Learn how to prevent and treat this common skin infection that affects people of all ages.
Molluscum contagiosum (mo-LUS-kum kun-tay-jee-OH-sum) is a relatively common viral infection of the skin that results in round, firm, painless bumps ranging in size from a pinhead to a pencil eraser. If the bumps are scratched or injured, the infection can spread to surrounding skin. Molluscum contagiosum also spreads through person-to-person contact and contact with infected objects.
Though most common in children, molluscum contagiosum can affect adults as well — particularly those with weakened immune systems. In adults with an otherwise normal immune system, molluscum contagiosum involving the genitals is considered a sexually transmitted infection.
The bumps associated with molluscum contagiosum usually disappear within a year without treatment but doctor-assisted removal is also an option.
Signs and symptoms of molluscum contagiosum include bumps on the skin that:
If you suspect you or your child has molluscum contagiosum, consult your primary care doctor.
The virus that causes molluscum contagiosum spreads easily through:
It's not clear if the molluscum contagiosum virus can spread in the chlorinated water found in swimming pools. Experts suspect that it's more likely that swimmers transmit the virus through shared use of towels; equipment, such as kickboards; or skin contact.
More widespread molluscum contagiosis infections may occur in people with weakened immune systems.
The bumps and the skin around them may become red and inflamed. This is thought to be an immune response to the infection. If scratched, these bumps can become infected. If lesions appear on the eyelids, pink eye (conjunctivitis) can develop.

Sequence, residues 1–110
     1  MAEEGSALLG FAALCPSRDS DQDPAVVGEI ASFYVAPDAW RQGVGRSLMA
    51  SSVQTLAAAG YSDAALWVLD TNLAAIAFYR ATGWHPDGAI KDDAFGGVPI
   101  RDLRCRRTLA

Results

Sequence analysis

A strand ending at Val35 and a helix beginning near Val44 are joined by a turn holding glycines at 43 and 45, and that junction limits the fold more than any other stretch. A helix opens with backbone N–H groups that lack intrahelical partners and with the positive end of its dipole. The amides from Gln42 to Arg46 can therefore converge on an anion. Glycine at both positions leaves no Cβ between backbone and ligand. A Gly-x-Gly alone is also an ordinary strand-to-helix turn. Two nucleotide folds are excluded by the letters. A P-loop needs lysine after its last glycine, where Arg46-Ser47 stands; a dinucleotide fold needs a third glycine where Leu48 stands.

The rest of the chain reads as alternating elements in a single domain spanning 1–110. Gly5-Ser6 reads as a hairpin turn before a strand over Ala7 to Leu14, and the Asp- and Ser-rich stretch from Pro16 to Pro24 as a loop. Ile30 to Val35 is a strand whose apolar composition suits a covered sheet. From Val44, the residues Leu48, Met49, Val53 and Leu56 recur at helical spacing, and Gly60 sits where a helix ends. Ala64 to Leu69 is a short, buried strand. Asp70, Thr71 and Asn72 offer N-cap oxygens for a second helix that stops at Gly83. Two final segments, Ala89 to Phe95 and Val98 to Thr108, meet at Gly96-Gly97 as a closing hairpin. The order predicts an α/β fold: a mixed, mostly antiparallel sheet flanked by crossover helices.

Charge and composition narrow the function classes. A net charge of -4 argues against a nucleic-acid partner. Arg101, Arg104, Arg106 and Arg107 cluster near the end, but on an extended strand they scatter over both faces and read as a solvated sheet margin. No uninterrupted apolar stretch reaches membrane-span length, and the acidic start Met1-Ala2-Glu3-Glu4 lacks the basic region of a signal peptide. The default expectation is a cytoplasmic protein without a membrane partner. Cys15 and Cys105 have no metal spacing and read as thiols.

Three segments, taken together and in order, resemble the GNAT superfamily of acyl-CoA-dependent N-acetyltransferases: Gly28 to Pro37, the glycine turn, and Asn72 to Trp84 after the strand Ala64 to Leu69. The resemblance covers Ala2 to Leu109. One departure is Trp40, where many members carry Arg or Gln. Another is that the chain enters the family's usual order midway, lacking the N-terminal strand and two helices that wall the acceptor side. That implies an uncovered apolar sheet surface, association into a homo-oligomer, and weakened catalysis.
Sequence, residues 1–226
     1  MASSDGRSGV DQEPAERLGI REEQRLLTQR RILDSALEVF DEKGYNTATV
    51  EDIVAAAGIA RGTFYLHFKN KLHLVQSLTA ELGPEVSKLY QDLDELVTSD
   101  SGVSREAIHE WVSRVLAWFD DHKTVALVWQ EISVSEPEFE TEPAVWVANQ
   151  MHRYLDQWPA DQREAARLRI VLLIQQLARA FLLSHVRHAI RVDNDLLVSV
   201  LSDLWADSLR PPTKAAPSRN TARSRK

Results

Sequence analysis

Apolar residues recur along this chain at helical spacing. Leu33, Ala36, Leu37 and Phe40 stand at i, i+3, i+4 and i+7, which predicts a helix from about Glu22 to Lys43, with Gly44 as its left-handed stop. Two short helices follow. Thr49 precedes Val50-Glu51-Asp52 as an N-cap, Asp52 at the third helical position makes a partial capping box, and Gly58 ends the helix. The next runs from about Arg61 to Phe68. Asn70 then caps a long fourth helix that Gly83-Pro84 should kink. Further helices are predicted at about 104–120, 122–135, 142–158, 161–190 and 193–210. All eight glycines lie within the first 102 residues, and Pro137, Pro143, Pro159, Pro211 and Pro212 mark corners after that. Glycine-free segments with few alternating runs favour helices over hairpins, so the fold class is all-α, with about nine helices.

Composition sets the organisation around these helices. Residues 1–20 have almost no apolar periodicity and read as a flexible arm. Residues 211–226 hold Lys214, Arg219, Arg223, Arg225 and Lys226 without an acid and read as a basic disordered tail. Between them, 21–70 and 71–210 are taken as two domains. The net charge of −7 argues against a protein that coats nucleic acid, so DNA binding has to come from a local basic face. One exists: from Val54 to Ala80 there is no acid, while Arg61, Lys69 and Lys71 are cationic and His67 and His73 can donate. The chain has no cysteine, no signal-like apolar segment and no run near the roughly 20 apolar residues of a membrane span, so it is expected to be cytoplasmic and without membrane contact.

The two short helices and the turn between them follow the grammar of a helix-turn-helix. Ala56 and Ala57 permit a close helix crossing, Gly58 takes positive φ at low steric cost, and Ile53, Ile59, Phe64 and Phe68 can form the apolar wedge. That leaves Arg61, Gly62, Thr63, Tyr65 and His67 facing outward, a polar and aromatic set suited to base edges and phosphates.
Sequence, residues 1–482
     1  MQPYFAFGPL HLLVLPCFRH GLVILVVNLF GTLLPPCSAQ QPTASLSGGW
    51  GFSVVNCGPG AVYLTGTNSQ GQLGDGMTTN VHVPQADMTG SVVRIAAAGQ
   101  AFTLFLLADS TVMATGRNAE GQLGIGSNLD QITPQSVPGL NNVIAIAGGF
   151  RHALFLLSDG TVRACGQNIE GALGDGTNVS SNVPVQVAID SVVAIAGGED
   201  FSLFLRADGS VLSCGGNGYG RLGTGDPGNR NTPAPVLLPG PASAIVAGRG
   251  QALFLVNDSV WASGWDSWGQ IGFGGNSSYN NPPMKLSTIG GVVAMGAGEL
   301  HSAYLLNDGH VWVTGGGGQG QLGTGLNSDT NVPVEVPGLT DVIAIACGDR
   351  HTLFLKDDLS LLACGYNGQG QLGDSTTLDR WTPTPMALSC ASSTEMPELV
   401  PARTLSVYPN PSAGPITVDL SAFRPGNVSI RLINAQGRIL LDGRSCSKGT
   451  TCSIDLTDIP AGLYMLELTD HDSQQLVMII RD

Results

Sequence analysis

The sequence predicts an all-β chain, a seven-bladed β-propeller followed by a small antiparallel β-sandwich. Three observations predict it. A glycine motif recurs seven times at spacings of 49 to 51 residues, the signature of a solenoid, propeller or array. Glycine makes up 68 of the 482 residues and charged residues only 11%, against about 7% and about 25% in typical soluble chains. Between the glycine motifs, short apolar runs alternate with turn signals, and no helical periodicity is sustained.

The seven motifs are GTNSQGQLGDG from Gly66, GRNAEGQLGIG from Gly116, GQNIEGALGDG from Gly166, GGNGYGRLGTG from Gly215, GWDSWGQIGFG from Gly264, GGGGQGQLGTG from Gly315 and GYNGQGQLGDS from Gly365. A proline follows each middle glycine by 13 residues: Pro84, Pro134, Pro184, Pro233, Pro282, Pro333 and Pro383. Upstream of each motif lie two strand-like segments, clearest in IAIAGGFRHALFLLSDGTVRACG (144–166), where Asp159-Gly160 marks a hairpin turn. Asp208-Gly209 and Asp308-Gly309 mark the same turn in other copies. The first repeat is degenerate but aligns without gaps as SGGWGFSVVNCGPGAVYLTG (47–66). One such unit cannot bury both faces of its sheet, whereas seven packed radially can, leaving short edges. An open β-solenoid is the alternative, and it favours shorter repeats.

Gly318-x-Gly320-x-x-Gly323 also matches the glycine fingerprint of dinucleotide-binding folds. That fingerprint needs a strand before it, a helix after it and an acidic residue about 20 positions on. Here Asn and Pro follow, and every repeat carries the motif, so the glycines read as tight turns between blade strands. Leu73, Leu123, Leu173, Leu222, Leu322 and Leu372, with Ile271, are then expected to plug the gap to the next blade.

To help prevent the spread of the virus:
Your doctor usually can diagnose molluscum contagiosum just by looking at it. If there's any doubt, he or she may take skin scrapings from the infected area and view them under a microscope.
Molluscum contagiosum usually gets better without treatment in six to 12 months. However, it's possible to continue developing bumps for up to five years. Once all of your bumps are gone, you're no longer contagious.
Doctors may recommend that the lesions be removed before they disappear on their own, particularly in adults, because they are so contagious. Treatments for molluscum contagiosum can be painful, so an anesthetic might be administered beforehand to lessen discomfort. Sometimes a combination of treatments may be used.
You'll likely start by visiting your or your child's primary care practitioner. However, in some cases when you call to set up an appointment, you may be referred immediately to a doctor who specializes in treating skin conditions (dermatologist).
Because appointments can be brief, and because there's often a lot of ground to cover, it's a good idea to be well-prepared for your appointment. Here's some information to help you get ready for your appointment, and know what to expect from your doctor.
Before your appointment, write a list that answers the following questions:
Your doctor is likely to ask you a number of questions. Being ready to answer them may reserve time to go over any points you want to spend more time on. Your doctor may ask:
March 21st, 2020